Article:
[OPE] proletarianization and the economic crisis

From: Jurriaan Bendien <adsl675281@tiscali.nl>
Date: Thu Mar 12 2009 - 08:08:04 EDT

When I was referring to massive proletarianization, I meant millions of people (not only in the USA) who realise that from now on, they're stuck with having to work for a wage at any sort of job they can get, or living off an unemployment benefit, without any prospect of getting out of that situation, that the options/prospects they previously thought they had, have mostly disappeared. I meant that they experience the socio-economic compulsion to work for a boss or for social welfare, anyway they can, very directly and forcefully, and it changes social consciousness. A lot of that American petit-bourgeois individualist ideology accordingly which "you can do anything you like" suddenly no longer works in the same way.

According to the rich intellectuals of the Financial Times, your life is only a result of what you believe, and nobody is forced to do anything by financial pressures exerted by markets, that would be commodity fetishism in their view (see the Zizek interview). Well I can tell you now that for most people this is not true; money or the lack of it can push people around in a big way, and then you can believe any guru you like, without it necessarily making a difference. The popgroup Abba did this song "money, money, money it's so funny in a rich man's world" but in fact the whole point of the song is that it is not a rich man's world, and it is not really funny, but more melancholic really (the word "funny" is sung in minor key). There is also a bit of phonological ambiguity in the lyric perhaps, since "funny" sounds like "fanny" and the question is implied of what you are prepared to do for your money, while keeping your dignity intact.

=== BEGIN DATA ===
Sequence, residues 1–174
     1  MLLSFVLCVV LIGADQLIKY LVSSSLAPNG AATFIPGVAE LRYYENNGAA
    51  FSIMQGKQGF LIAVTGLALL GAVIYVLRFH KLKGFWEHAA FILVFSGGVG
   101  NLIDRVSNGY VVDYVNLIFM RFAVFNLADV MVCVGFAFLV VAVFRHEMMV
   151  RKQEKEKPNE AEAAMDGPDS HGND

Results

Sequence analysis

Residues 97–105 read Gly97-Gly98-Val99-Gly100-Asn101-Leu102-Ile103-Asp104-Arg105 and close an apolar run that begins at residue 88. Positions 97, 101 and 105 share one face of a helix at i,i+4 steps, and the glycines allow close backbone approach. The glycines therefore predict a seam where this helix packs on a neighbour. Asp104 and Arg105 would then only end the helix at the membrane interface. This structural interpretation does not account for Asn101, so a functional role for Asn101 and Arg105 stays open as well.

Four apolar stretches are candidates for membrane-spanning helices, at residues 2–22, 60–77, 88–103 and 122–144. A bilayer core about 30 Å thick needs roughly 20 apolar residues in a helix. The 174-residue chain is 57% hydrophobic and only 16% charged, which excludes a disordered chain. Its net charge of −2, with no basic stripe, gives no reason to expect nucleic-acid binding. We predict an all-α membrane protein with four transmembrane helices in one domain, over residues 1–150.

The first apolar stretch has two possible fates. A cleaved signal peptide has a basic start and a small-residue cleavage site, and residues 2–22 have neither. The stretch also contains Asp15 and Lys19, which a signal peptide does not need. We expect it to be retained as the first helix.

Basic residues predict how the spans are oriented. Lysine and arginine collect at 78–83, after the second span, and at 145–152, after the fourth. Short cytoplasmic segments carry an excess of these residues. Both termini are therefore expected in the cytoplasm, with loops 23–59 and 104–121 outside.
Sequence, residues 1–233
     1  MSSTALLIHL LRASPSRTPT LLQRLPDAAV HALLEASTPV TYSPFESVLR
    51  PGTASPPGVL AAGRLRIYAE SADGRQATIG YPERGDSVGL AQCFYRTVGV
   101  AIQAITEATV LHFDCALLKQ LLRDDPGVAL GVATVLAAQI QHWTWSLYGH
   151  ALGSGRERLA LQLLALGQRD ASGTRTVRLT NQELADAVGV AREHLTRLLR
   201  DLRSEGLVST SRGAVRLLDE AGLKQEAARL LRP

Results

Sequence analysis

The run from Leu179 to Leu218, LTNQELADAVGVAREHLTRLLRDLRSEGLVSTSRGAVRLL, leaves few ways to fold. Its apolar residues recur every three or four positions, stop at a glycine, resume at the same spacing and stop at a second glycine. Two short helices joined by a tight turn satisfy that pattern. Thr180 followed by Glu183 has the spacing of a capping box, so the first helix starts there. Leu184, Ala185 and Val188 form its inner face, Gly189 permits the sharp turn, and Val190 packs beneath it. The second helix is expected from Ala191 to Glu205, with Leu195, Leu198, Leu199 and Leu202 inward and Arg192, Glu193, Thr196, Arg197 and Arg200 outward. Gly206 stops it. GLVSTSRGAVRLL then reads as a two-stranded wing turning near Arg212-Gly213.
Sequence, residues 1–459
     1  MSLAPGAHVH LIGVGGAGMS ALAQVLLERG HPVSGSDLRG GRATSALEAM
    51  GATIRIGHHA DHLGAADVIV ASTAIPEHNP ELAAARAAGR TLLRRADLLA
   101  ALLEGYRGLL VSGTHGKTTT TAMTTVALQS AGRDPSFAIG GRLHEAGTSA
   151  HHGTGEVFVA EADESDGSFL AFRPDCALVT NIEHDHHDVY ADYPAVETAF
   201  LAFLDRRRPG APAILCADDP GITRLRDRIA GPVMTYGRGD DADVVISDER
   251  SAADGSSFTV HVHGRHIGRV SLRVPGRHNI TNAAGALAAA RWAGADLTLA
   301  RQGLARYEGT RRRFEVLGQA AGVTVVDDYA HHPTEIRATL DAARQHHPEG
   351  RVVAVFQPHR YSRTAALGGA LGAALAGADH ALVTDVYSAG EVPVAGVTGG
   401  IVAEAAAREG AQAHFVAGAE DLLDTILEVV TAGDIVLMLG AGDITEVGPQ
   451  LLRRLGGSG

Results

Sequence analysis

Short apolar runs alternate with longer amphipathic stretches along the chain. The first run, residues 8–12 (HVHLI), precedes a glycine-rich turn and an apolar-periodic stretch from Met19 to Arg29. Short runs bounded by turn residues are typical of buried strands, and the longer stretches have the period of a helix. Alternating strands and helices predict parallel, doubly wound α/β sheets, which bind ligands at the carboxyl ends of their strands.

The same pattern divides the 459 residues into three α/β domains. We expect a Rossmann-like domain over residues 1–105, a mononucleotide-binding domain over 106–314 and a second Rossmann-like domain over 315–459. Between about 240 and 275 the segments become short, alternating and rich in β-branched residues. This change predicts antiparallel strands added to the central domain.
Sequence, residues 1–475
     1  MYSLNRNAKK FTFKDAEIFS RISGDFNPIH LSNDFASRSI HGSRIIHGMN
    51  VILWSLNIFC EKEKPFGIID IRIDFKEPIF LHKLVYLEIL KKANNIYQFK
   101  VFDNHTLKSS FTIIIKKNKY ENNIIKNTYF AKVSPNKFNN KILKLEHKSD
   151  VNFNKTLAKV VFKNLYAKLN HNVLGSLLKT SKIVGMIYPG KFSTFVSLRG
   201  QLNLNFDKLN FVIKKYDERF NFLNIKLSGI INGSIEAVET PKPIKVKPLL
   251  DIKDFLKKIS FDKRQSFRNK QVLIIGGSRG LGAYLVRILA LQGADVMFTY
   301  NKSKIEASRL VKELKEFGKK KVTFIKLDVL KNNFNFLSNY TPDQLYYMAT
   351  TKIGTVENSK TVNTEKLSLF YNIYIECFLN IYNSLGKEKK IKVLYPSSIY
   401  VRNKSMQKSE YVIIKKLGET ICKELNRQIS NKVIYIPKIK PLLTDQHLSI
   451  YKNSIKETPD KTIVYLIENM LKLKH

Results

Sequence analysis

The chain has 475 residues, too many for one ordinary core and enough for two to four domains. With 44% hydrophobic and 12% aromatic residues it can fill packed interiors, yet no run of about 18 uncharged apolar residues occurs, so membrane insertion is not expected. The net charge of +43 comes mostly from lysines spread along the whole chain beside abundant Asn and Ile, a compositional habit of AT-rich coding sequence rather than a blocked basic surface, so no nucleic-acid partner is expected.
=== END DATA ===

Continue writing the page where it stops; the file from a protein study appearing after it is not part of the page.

You can get fairly accurate figures on unemployment trends by sector and occupation from BLS, and obviously some sectors (such as construction) are hit much harder by the slump than others, but actually job losses and declining vacancies are occurring in almost all sectors now. In the shorter term, the only major sector relatively unscathed is the government sector. But the stats cannot really tell you a lot yet about which type of people lose out, and how people respond to their new situation, which ones get picked up and helped, and which ones are left in the lurch. The way the Hilary Clintons see it, unemployment is just a temporary inconvenience, a small hole in your CV perhaps, but not everybody will see it that way. They have broken dreams, and have to face grim realities that you don't read about in rich people's media, except in a Victor Hugo sort of way (actually, Paul Lafargue was very critical of Victor Hugo).

Proletarianization as a process occurs both within the working class - some workers also own stocks which are now worth nothing much - and in other social classes where people suddenly find themselves in a proletarianized situation. I cannot really estimate quantities though, because I don't have the data yet. But the basic idea is, that downward mobility increases and upward mobility slows, and that in total there is probably less vertical social mobility (though more horizontal mobility).

For the NMEC Marxists the credit crisis is mainly about the "economic engine" going "clunk", but for us it's more what it does to people, the human and cultural side of things, in other words, about "labor inputs" viewed as "active, living human subjects".


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Received on Thu Mar 12 08:10:18 2009

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